Download Nationalism and the Rule of Law: Lessons from the Balkans by Iavor Rangelov PDF
By Iavor Rangelov
The connection among nationalism and the guideline of legislations has been principally ignored by way of students even though individually, they've got frequently captured public discourse and feature emerged as severe strategies for the social sciences. This booklet offers the 1st systematic account of this courting. the focus of the ebook is to increase an analytical framework for knowing the interactions of nationalism and the guideline of legislations by means of targeting the domain names of citizenship, transitional justice, and overseas justice. The booklet engages those insights extra in a close empirical research of 3 case stories from the previous Yugoslavia. the writer argues that whereas the tensions and contradictions among nationalism and the rule of thumb of legislation became extra obvious within the post-Cold struggle period, they could even be harnessed for effective reasons. In exploring the position of legislation in dealing with and remodeling nationalism, the e-book emphasizes the deliberative personality of felony strategies and gives an unique standpoint at the energy of foreign legislations to reshape public discourse, politics, and criminal orders.
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Additional resources for Nationalism and the Rule of Law: Lessons from the Balkans and Beyond
The concept of ethnic citizenship, as defined here, is useful because it draws attention to a specific intersection of law and nationhood, one that highlights how law can be aligned with particular nationalist projects and purposes, serving as a device for inclusion and exclusion. 3 In theorizing ethnic citizenship, I highlight two types of strategies commonly used by nation-states in activating the inclusion/exclusion function of the law. For analytical purposes, these can be usefully distinguished as strategies of incorporation, which produce differentiated frameworks of first- and second-class citizens; and strategies of exclusion, aimed at restricting access to citizenship or revoking the citizenship status and rights of particular groups.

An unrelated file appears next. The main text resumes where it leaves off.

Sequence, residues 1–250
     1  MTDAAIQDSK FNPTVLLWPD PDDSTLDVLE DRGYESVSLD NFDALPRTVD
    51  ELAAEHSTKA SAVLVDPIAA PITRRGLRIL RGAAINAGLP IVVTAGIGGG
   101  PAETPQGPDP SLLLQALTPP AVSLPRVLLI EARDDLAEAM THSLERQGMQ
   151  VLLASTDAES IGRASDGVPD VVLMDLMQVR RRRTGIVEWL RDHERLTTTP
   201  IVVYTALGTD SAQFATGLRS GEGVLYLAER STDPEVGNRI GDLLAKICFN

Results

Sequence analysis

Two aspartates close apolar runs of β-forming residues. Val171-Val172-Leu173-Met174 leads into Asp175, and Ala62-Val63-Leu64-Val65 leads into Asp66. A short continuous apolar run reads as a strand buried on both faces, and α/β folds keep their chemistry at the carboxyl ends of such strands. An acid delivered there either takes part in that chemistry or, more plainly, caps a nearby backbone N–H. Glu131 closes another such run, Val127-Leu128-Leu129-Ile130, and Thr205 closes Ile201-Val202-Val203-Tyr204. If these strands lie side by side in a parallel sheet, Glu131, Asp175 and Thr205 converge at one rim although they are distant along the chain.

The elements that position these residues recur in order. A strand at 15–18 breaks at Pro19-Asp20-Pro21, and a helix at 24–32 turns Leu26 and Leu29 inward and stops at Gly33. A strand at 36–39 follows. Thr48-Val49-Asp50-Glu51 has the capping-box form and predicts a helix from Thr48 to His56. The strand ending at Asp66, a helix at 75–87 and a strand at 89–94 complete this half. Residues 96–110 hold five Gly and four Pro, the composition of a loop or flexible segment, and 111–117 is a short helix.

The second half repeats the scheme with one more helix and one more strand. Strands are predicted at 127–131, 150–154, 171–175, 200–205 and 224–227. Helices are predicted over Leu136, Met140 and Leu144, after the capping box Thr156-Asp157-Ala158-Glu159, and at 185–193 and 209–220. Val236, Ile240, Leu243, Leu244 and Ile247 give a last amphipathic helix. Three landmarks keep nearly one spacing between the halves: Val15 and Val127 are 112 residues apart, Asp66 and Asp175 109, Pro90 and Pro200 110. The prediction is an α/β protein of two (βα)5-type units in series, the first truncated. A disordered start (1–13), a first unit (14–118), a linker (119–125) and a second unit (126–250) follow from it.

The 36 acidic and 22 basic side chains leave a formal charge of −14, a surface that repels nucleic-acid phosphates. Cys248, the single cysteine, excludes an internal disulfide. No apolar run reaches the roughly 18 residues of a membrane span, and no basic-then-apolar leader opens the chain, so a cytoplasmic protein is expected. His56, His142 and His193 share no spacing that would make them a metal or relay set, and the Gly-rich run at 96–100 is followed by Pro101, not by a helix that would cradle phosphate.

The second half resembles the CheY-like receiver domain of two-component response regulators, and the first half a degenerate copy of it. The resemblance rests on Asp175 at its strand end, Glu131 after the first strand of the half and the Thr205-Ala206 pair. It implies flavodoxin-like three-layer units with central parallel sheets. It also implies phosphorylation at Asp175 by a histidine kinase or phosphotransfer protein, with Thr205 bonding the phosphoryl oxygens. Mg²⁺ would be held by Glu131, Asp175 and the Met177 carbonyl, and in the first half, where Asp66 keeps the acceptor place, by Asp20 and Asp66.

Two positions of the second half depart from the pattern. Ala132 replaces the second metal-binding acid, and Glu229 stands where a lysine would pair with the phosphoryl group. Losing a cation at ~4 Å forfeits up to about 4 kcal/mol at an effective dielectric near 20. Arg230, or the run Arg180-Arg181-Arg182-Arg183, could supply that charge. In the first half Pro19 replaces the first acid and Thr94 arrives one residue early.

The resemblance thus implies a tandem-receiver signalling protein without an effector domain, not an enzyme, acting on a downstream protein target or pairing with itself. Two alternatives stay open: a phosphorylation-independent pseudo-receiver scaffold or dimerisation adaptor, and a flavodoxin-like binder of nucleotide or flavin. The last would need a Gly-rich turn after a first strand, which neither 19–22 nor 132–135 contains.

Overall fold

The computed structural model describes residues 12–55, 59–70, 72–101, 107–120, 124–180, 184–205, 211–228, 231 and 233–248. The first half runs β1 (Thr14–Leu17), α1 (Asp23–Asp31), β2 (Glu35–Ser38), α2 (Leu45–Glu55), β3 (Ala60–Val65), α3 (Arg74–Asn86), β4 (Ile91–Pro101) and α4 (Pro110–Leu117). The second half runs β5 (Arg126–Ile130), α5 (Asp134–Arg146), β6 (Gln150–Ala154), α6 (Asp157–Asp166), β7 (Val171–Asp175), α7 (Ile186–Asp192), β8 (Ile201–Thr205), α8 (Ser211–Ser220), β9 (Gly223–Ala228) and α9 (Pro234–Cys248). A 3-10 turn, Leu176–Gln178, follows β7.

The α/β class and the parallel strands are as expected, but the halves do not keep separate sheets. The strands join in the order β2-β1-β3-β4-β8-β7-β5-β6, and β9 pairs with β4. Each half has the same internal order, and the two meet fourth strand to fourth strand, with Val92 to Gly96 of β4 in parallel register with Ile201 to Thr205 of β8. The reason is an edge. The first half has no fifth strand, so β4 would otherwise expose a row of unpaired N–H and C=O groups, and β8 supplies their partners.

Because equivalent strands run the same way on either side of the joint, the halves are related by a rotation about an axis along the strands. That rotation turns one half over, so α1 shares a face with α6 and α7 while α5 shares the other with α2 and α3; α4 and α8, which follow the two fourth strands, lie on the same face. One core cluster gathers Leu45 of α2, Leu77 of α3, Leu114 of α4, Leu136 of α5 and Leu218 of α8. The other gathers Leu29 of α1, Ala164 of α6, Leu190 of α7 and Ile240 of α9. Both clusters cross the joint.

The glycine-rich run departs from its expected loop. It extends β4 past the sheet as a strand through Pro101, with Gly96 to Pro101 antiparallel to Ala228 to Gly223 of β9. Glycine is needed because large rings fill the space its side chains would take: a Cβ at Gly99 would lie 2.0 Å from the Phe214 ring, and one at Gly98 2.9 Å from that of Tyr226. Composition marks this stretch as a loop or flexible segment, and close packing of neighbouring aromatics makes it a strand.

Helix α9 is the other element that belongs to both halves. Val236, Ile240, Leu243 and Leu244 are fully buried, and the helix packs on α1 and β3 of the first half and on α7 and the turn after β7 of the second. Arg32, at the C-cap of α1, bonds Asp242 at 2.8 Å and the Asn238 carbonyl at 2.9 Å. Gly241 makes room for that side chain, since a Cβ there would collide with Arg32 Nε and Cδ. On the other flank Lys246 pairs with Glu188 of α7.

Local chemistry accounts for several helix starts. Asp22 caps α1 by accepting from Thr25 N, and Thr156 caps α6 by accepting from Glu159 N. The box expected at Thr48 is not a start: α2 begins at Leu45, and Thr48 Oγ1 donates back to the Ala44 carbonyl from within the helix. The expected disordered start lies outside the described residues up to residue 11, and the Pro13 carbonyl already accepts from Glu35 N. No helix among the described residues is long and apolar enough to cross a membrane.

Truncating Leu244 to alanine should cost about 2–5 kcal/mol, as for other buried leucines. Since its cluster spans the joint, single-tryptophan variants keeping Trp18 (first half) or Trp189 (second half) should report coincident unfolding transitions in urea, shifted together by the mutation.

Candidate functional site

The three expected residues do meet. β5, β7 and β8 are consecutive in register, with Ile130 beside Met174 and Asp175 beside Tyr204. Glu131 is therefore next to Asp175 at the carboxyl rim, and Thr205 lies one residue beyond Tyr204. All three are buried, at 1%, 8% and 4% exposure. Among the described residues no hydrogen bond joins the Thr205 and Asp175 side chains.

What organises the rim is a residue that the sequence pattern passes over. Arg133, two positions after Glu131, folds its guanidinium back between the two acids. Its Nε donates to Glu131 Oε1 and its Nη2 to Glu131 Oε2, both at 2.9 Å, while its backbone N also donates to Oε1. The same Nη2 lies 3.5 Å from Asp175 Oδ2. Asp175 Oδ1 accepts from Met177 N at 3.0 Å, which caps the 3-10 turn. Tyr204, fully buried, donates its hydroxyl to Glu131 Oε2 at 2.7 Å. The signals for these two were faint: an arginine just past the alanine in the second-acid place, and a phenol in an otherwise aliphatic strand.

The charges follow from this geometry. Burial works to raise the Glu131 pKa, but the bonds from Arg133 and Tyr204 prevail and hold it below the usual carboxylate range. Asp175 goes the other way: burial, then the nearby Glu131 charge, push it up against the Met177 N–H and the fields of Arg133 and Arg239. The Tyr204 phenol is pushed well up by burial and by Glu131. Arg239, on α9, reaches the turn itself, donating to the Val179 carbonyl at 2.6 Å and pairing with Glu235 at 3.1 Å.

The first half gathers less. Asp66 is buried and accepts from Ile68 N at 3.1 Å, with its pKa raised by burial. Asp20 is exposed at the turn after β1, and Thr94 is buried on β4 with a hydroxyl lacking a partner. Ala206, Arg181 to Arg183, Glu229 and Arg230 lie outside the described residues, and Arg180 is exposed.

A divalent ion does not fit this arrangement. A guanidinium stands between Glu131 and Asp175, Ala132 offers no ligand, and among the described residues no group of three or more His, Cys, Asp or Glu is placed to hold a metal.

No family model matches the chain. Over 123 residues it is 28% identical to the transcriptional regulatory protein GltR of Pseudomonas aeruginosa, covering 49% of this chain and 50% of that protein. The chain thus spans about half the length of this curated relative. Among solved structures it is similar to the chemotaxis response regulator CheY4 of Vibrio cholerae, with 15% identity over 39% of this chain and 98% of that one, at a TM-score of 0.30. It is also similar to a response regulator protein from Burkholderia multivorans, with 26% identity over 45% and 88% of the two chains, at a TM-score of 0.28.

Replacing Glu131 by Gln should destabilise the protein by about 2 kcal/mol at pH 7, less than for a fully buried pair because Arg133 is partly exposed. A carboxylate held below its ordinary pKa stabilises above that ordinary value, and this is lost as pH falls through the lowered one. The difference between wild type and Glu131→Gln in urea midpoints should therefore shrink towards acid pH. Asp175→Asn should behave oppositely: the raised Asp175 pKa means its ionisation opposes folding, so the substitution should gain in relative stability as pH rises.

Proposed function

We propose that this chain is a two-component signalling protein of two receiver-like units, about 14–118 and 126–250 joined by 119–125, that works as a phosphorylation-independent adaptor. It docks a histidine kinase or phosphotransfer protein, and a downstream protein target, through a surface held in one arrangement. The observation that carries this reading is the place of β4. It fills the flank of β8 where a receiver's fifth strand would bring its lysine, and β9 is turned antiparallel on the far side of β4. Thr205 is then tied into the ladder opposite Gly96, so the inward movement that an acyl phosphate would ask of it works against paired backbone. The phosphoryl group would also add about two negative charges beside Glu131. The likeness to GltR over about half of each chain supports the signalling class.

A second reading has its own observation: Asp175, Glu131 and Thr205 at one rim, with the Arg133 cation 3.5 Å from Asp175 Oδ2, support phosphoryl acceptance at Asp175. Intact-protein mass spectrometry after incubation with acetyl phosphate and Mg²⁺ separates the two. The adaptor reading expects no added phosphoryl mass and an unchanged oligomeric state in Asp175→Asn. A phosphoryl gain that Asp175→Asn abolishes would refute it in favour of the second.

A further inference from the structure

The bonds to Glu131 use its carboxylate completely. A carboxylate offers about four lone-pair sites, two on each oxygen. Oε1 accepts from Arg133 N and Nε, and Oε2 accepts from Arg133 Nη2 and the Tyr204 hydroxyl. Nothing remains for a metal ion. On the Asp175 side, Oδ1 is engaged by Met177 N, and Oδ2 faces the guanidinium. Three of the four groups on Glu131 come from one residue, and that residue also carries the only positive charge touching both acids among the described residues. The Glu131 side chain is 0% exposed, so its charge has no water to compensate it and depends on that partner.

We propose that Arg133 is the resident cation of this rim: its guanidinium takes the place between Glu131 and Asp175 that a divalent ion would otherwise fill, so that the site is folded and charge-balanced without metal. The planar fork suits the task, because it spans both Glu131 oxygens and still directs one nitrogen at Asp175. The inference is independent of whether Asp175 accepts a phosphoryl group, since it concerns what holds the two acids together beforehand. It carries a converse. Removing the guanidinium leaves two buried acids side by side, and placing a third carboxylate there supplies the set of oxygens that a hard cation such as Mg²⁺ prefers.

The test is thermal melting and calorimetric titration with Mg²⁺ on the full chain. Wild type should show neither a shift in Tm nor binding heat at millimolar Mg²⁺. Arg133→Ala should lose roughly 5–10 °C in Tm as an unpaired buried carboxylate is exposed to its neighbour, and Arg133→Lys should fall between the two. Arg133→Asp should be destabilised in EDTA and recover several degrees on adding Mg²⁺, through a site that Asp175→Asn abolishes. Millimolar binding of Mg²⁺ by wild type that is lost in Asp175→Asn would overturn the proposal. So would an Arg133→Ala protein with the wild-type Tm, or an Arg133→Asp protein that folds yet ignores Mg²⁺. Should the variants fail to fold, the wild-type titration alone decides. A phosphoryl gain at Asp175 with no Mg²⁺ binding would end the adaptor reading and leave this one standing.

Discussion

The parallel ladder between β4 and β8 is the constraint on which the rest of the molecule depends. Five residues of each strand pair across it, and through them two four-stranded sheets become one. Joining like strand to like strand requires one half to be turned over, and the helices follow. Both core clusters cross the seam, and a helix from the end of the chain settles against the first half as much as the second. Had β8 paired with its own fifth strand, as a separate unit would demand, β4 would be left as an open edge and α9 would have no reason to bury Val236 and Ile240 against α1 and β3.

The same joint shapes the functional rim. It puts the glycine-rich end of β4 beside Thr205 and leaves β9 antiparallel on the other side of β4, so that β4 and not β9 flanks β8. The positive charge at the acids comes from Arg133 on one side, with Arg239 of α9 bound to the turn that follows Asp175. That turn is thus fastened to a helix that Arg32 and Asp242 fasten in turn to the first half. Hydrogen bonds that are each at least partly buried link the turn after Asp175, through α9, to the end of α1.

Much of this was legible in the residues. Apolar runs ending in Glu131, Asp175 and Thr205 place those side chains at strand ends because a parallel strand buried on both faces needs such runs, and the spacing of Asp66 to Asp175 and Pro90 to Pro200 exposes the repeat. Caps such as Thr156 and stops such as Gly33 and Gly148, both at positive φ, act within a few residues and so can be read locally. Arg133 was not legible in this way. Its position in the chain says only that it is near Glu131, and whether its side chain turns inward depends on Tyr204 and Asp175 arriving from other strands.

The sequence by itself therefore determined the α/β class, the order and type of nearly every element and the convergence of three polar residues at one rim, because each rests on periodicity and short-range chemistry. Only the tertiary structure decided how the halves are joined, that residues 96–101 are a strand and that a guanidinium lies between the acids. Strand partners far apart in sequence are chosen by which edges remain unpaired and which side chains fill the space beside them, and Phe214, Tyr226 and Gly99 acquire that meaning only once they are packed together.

Nevertheless, the exercise is worthwhile if it opens the conversation to diverse audiences and interlocutors – not only those of us who study nationalism and the rule of law but also the social actors whose work shapes our subjects of study, nationalists and lawyers (and nationalists trained in law, who are part of a long tradition going back to Bismarck and Mazzini), as well as the civil society actors and policymakers who grapple with some of the problems discussed in the following pages in a variety of different contexts.
Firstly, when nationalist movements make a claim to nationhood, what they demand is an autonomous polity for the putative nation, and they primarily address the members of that nation. Secondly, in what is usually referred to as “nation-building,” “nation” is invoked in order to create a sense of national unity for a given state and to foster an inclusive national identity that transcends ethnic differences. Finally, “nation” can also be used in an internally exclusive way in seeking to “assert ‘ownership’ of the polity on behalf of a ‘core’ ethnocultural ‘nation’ distinct from the citizenry of the state as a whole, and thereby to define and redefine the state as the state of and for the core nation” (Brubaker 2004b: 117).